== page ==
If you’re like me, you look at the 2009 football schedule and the date that looms most ominously for you is November 7, when the Georgia Bulldogs will face both the Tennessee Volunteers and the Georgia Tech Yellow Jackets in a rare Sanford Stadium double-header.
What’s that you say? It’s not Tennessee and Tech, it’s just Tennessee Tech? Well, who the heck is Tennessee Tech?
Fortunately, I happen to know the answer to that question. I have a friend, Lindsey, who attended both the University of Georgia and Tennessee Technological University, and I asked her to prepare a brief write-up about her alma mater other than the one in Athens.
(Author’s Note: The above photograph of Lindsey is provided in order to illustrate that she is an alumna of Tennessee Tech and that she actually exists and is not a fictitious female like the girl at Niagara Falls made up by Anthony Michael Hall in "The Breakfast Club." Please don’t turn her into a collegiate Allison Stokke, film her through a peephole, or do anything else to give Jay Mariotti further evidence that the blogosphere is the province of pervs. We try to run a class operation here.)
Take it away, Lindsey:
A recent graduate of Tennessee Technological University, allow me to educate y’all about my alma mater. Tennessee Tech, also known as TTU or Tech, was originally Dixie College, founded in the early 1900s. It then became a public university and the name was changed to Tennessee Polytechnic Institute (some people, my great-uncle included, still refer to TTU as TPI) and finally, in 1965, to Tennessee Technological University.
TTU is located in Cookeville (pronounced "cook-vul"), pretty much right between Nashville, Knoxville, and Chattanooga. There’s not much around except speed traps, cows, rivers, and cows. Cookeville, therefore, has become the hub for the Upper Cumberland and boasts honestly-good cultural events, decent-sized companies, and, sometimes, stuff to do.
Our football players may not look intimidating in their beautiful purple and gold uniforms, but at least we have a reason for the gold; we’re known as the Golden Eagles, led by our fearless mascot, Awesome Eagle (obviously named during the 1980s). We’ve even got a statue of a golden eagle on top of the administrative building. The statue was stolen from a hotel (several times, actually) until the hotel owner eventually donated the statue to TTU. The governor of Tennessee later pardoned the students involved with the multiple thefts.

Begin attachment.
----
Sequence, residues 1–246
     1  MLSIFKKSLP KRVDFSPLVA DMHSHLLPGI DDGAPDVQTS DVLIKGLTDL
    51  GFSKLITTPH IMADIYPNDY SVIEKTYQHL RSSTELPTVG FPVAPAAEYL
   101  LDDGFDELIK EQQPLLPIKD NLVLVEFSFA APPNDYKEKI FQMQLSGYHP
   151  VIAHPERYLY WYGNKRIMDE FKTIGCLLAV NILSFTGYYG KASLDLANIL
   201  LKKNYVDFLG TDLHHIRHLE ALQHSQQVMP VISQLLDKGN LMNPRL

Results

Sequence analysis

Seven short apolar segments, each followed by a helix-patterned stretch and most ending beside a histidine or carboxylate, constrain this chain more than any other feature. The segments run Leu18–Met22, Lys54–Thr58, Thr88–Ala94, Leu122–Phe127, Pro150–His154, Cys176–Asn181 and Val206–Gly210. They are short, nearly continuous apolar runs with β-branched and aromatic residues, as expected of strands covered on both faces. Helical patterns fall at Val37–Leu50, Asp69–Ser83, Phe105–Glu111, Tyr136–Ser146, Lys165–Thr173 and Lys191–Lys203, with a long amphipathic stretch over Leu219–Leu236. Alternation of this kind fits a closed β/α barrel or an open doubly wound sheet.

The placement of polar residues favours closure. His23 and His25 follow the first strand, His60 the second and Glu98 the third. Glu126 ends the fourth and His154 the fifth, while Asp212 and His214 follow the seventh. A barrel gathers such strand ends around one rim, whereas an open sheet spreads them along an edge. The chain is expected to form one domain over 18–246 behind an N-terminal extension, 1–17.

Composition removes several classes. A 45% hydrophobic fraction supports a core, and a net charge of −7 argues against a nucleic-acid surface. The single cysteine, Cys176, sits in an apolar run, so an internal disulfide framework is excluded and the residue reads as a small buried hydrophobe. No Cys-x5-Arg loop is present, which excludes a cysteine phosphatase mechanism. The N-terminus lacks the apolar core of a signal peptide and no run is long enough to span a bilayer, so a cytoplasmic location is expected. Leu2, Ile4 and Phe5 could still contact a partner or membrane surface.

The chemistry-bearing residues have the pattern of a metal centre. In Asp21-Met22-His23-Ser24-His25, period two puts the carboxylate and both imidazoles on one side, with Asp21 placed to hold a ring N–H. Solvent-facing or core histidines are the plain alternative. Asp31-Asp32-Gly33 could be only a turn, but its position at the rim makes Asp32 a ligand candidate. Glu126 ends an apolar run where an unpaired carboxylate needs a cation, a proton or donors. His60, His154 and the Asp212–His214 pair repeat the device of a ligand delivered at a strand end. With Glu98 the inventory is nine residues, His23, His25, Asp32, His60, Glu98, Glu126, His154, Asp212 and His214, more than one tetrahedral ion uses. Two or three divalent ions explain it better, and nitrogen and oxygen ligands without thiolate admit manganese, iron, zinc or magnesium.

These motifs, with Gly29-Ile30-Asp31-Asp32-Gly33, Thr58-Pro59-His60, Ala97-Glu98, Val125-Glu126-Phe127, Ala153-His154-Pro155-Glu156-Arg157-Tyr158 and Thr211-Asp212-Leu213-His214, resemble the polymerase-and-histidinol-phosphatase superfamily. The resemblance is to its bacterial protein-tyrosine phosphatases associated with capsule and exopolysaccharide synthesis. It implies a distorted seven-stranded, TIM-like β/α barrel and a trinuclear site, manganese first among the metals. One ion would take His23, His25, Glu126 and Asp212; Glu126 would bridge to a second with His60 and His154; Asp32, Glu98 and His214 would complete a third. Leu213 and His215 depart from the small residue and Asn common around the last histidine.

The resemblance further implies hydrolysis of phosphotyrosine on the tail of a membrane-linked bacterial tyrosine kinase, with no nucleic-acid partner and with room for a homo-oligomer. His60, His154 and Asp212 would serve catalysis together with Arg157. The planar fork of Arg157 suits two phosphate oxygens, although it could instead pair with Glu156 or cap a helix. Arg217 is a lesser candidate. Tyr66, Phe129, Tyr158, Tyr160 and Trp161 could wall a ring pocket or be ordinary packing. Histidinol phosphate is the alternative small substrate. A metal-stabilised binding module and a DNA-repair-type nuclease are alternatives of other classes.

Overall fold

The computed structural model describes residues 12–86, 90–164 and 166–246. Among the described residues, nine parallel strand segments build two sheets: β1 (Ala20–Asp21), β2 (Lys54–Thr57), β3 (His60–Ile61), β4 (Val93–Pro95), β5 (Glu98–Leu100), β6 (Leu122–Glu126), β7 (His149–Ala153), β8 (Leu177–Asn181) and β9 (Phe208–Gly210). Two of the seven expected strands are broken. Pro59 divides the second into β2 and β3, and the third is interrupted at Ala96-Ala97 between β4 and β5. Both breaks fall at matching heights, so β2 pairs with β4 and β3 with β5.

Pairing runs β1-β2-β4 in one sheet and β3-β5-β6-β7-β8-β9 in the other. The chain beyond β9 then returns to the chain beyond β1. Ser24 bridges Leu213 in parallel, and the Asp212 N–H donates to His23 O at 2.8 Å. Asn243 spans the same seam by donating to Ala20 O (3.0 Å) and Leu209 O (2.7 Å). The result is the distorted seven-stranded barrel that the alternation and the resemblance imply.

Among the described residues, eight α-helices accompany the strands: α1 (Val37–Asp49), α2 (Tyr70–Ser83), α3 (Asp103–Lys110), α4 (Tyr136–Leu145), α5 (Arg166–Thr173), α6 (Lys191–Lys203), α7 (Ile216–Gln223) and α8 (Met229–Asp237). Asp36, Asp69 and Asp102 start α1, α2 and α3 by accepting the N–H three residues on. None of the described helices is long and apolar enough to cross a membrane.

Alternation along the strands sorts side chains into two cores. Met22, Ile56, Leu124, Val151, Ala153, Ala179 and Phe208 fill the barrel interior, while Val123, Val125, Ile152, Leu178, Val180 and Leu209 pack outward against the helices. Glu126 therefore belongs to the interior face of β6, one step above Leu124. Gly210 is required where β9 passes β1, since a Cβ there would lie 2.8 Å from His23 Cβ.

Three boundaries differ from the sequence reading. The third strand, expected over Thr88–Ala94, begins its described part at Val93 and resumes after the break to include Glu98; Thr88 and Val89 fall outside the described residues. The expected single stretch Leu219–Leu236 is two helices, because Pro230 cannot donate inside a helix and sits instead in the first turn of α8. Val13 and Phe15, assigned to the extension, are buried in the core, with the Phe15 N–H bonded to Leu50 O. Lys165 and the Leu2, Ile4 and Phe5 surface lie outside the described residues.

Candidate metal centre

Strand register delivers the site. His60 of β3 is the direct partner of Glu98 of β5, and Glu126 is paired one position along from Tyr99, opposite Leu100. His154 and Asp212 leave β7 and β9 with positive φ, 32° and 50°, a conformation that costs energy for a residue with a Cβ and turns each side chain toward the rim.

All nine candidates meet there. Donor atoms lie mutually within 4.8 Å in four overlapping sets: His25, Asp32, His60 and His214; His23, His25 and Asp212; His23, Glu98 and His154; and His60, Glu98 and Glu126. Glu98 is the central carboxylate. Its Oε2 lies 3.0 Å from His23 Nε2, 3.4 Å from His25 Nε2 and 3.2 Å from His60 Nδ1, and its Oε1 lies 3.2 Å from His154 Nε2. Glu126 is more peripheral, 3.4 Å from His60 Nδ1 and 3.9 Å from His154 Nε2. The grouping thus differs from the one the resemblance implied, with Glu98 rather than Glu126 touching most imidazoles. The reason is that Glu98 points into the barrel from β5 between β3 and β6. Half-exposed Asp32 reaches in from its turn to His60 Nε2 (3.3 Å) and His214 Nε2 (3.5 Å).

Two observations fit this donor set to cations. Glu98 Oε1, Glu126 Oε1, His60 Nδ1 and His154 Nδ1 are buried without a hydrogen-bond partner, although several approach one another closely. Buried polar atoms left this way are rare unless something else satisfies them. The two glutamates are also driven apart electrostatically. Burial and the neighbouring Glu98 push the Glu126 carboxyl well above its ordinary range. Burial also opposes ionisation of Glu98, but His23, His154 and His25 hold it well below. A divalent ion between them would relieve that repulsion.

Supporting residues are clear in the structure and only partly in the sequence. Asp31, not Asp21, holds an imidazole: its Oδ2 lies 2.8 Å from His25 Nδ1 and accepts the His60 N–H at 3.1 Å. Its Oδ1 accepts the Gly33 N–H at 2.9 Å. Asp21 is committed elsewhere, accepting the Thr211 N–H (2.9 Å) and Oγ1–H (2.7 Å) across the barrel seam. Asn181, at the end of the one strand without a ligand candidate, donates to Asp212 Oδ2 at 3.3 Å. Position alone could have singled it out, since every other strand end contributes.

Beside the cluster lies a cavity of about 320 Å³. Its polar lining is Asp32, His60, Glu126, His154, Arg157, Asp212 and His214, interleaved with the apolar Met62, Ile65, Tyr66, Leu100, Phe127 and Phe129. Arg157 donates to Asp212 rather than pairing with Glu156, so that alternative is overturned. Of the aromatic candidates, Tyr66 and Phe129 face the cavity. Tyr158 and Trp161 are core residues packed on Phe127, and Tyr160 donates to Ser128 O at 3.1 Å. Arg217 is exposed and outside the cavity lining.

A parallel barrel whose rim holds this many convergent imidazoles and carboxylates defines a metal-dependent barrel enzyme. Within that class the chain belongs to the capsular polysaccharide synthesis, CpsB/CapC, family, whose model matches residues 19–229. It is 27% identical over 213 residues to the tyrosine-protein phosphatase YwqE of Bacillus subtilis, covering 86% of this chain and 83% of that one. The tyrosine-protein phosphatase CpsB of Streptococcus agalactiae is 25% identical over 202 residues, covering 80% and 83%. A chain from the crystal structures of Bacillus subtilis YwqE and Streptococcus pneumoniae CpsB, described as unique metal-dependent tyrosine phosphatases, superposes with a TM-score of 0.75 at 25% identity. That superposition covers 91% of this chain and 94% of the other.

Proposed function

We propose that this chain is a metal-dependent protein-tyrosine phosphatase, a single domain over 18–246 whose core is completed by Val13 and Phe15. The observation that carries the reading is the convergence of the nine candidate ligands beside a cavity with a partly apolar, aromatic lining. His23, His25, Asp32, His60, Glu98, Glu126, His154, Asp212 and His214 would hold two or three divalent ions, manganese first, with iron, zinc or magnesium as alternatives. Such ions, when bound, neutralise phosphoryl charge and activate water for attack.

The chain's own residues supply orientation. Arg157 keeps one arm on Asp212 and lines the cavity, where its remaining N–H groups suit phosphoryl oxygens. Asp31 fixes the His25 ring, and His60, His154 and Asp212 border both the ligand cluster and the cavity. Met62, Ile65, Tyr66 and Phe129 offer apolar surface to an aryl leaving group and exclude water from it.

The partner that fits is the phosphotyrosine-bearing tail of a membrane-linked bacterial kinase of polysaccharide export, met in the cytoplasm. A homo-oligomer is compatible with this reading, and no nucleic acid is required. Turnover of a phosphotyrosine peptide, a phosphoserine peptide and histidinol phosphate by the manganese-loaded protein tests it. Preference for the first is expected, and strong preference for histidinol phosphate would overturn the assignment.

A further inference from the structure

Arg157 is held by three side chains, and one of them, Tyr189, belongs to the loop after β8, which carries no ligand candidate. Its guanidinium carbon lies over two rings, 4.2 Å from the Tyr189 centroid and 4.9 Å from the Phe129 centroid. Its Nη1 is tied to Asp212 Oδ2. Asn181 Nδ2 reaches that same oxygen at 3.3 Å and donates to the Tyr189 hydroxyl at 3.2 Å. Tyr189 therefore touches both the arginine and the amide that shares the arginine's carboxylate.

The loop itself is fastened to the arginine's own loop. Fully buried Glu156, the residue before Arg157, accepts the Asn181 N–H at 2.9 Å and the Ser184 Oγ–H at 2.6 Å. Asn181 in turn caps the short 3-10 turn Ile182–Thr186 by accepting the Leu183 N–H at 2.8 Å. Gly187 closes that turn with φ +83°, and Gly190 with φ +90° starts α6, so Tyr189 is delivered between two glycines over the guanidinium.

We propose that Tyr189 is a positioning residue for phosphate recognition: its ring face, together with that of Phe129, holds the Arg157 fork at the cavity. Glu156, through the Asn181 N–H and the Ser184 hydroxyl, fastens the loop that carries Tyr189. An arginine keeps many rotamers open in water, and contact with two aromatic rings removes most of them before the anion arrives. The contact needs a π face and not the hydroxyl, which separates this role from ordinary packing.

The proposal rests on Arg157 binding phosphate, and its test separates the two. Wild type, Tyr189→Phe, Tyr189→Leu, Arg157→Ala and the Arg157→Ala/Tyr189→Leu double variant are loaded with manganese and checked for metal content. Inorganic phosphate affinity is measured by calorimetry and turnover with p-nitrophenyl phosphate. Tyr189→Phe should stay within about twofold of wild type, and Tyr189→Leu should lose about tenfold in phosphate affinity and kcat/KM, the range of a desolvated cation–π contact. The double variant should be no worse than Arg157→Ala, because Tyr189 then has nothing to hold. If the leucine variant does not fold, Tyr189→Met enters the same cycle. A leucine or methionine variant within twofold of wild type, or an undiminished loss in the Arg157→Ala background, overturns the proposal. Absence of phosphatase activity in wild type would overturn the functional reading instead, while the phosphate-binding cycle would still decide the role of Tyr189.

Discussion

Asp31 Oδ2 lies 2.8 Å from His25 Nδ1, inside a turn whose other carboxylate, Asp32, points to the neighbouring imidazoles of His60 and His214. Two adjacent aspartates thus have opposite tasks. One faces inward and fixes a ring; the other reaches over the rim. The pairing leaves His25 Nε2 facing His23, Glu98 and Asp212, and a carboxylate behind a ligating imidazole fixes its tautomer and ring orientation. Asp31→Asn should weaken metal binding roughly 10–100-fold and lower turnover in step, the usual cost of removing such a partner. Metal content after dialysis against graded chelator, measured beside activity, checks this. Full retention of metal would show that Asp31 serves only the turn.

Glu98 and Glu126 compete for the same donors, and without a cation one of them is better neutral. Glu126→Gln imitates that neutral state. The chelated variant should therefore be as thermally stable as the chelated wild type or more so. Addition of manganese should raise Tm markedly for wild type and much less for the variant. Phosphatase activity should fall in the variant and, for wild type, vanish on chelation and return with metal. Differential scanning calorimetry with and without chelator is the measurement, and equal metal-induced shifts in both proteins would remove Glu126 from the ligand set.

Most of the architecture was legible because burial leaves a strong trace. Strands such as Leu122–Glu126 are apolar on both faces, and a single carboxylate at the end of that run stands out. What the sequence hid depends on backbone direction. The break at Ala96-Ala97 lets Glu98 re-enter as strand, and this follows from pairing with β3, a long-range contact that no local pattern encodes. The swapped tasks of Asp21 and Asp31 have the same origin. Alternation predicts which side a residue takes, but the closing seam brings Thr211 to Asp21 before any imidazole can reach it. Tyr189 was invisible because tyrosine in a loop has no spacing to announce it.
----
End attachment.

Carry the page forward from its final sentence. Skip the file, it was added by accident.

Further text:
The student body at Tech is kind of diverse, too. There’s the typical college kid, to be sure, usually from the suburbs of Nashville or Knoxville. But then there are the farm kids, who show up to class in the tightest Wranglers I’ve ever seen, complete with cowboy boots that are even caked in authentic manure. There are also crunchy granola types who sit around the quad talking about leaves and balancing on slack-lines. They come for the hiking and kayaking (Cookeville is lousy with great outdoorsy things to do) and stay because TTU is actually a nice little university.
We may not have an arch or hedges or fancy literary societies, but we do have a few things. We have a dog buried on the quad; his name was Dammit and students still leave flowers for him. At some basketball games we throw toilet paper and call it a blizzard. And when we beat MTSU in football, we get a pole called the Shinny Ninny.
Unlike UGA, classes here are small. You can actually become great friends with your professor (or quick enemies) really fast; average class size is around 20 students. Also unlike UGA, football games are free for students to attend, prime tailgating spots are easy to come by, and attendance at games is sparse. The only game worth mentioning is the Homecoming Game, and that’s really for the parade. There’s a kazoo band.
To be fair, I haven’t been able to attend a game in the past 2 years, but I’m confident nothing much has changed. I can tell you, though, that when we got our new coach, Watson Brown, my grandmother was terribly excited. They went to TTU together and evidently he was quite the looker back then.
Well, there you have it, folks . . . Tennessee Tech in a nutshell, with a level of detail not seen since Loran Smith reported that Charles Grant loves boiled peanuts!
My thanks go out to Lindsey for providing us with the lowdown on the Golden Eagles. You may consider yourself fully briefed and ready for November 7.